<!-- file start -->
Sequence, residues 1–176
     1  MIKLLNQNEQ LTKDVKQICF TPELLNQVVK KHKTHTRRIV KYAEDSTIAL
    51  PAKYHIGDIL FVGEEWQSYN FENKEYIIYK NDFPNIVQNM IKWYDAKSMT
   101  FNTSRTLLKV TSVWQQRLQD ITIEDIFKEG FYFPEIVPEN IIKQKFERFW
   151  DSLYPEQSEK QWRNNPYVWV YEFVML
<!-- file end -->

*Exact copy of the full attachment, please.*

Sequence, residues 1–176
     1  MIKLLNQNEQ LTKDVKQICF TPELLNQVVK KHKTHTRRIV KYAEDSTIAL
    51  PAKYHIGDIL FVGEEWQSYN FENKEYIIYK NDFPNIVQNM IKWYDAKSMT
   101  FNTSRTLLKV TSVWQQRLQD ITIEDIFKEG FYFPEIVPEN IIKQKFERFW
   151  DSLYPEQSEK QWRNNPYVWV YEFVML